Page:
The Council has spoken, the votes have been cast, and the results are in for this week’s Watcher’s Council match up.

““The way that I look at it, you take the two officers in New York. I was heart-broken because I knew for sure that these officers had nothing to do with the killing of Eric Garner. You can’t generally be anti-police, because if you become completely anti-police, then criminals are going to take over. When we see these killings, the general thought here is that two wrongs don’t make a right.” – Former gang leader Arthur Reed, AKA ‘Silky Slim’

“… Black Lives Matter never protests when every 14 hours somebody is killed in Chicago, probably 70-80% of the time (by) a black person. Where are they then? Where are they when a young black child is killed?” – Rudy Giuliani

“Kill the Pigs! Fry ’em like bacon!” – Popular #blacklives matter chant.

Stately McDaniel Manor

This weeks’ winning essay is Stately McDanial Manor’s Dallas: An Explosive Use Of Police Force. In it, he examines the legal and practical issues that come to bear when deadly force is used by police with a professional’s eye as a former policemen, what determinations a policeman has to make in seconds in order todo his or her job and how these standaqrds apply when it comes to personal self defense. Here’s a slice of this well written, informative post:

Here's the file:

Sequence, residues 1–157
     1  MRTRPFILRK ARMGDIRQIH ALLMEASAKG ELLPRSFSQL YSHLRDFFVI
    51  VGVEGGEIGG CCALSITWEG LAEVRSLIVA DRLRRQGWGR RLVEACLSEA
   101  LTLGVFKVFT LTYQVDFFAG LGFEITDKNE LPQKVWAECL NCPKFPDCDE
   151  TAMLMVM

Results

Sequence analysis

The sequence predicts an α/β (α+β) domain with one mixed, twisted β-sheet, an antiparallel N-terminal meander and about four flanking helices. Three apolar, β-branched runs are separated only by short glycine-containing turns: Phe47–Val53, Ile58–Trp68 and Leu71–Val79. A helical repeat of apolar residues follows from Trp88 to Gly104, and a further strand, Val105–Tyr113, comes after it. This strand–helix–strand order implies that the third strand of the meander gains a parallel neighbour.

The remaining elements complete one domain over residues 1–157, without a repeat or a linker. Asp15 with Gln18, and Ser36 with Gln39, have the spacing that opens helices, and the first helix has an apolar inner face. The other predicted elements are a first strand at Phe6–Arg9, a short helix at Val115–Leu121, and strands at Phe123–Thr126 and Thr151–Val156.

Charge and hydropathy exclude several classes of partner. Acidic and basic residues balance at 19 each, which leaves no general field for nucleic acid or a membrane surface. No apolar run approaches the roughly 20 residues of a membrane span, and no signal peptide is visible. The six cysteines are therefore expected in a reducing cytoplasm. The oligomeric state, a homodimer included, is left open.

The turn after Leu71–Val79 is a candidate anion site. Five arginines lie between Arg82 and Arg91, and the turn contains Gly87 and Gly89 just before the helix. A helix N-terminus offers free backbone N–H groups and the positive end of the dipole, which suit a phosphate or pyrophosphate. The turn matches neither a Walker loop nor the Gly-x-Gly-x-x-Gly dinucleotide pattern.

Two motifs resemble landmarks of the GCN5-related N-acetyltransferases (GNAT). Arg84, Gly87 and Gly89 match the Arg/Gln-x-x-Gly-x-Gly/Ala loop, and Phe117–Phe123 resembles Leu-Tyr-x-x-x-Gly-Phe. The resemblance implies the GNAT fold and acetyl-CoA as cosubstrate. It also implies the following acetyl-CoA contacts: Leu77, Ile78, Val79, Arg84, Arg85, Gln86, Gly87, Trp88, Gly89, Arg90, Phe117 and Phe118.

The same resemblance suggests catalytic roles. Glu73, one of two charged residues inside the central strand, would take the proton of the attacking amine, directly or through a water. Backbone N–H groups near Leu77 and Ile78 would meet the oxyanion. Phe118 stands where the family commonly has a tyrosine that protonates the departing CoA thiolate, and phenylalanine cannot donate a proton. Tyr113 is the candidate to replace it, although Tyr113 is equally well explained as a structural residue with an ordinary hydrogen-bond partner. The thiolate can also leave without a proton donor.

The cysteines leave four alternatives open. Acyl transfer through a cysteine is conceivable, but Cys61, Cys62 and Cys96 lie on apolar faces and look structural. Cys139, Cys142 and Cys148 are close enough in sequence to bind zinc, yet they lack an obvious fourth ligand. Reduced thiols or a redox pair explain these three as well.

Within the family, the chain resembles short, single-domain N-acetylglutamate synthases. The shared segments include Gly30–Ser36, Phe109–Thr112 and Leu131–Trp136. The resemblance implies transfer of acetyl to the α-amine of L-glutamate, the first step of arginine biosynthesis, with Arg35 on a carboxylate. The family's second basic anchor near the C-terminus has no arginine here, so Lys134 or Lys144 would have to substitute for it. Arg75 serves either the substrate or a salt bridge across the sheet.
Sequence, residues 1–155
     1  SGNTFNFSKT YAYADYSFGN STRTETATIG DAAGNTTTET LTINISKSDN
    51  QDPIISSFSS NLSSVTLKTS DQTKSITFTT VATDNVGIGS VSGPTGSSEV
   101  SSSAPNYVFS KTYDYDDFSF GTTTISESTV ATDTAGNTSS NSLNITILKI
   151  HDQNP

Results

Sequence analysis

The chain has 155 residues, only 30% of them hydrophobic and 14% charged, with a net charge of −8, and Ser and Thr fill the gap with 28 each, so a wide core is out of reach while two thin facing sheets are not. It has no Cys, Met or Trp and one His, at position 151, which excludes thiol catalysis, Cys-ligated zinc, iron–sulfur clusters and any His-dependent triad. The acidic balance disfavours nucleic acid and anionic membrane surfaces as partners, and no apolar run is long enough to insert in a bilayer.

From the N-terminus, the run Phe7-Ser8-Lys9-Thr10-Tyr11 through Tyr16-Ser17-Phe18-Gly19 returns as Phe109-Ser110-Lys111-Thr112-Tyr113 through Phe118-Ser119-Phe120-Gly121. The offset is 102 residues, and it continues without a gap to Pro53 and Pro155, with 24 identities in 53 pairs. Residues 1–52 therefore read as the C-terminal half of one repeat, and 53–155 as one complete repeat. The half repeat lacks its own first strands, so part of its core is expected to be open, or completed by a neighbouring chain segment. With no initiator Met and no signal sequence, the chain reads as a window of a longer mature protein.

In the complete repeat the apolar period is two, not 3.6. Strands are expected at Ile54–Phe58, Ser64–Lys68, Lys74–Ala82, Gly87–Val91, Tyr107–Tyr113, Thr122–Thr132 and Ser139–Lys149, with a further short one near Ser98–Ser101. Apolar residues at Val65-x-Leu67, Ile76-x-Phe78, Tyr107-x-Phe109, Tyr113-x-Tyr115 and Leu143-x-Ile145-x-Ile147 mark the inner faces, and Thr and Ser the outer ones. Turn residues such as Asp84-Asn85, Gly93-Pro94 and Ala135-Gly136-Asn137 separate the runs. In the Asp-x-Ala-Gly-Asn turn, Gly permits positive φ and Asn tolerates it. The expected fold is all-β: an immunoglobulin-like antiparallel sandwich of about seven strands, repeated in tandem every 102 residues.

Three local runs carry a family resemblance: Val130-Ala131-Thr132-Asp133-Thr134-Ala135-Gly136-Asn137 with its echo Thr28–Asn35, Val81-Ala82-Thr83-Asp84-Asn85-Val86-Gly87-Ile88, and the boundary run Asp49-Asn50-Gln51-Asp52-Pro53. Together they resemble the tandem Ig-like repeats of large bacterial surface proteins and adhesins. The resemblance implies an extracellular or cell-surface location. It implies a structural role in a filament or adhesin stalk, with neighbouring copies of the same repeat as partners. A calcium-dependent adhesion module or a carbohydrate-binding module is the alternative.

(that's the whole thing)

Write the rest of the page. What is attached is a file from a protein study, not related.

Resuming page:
Police use of force is very much in the news these days. On one hand, Social Justice warriors and Democrat politicians (yes; I know I repeat myself) argue that virtually any use of force against favored victim groups–these days, primarily young black males–is not only illegitimate, but inherently racist and criminal. On the other, most people haven’t a clue about the legal issues revolving around the use of deadly force.

The social justice cry is particularly loud when the criminal was not carrying a gun. In such cases, the Michael Brown case being an obvious contemporary example, the cry “unarmed black man” reverberates throughout the media and blogosphere as though those three words say all that need be said, and unquestionably prove any and everything Black Lives Matter cracktivists assert.
In reality, a criminal relying only on his hands and feet can present a deadly threat, a threat justifying an entirely lawful lethal response, whether done by any member of the public or a police officer. This was exactly the case with Michael Brown. It was also the case with Trayvon Martin. Both are continually cited as unarmed, black, holy social justice martyrs, despite the fact that both criminals died while under the influence of drugs, in the act of trying to kill others–classic cases of self-defense–and no police officers were involved in Martin’s death.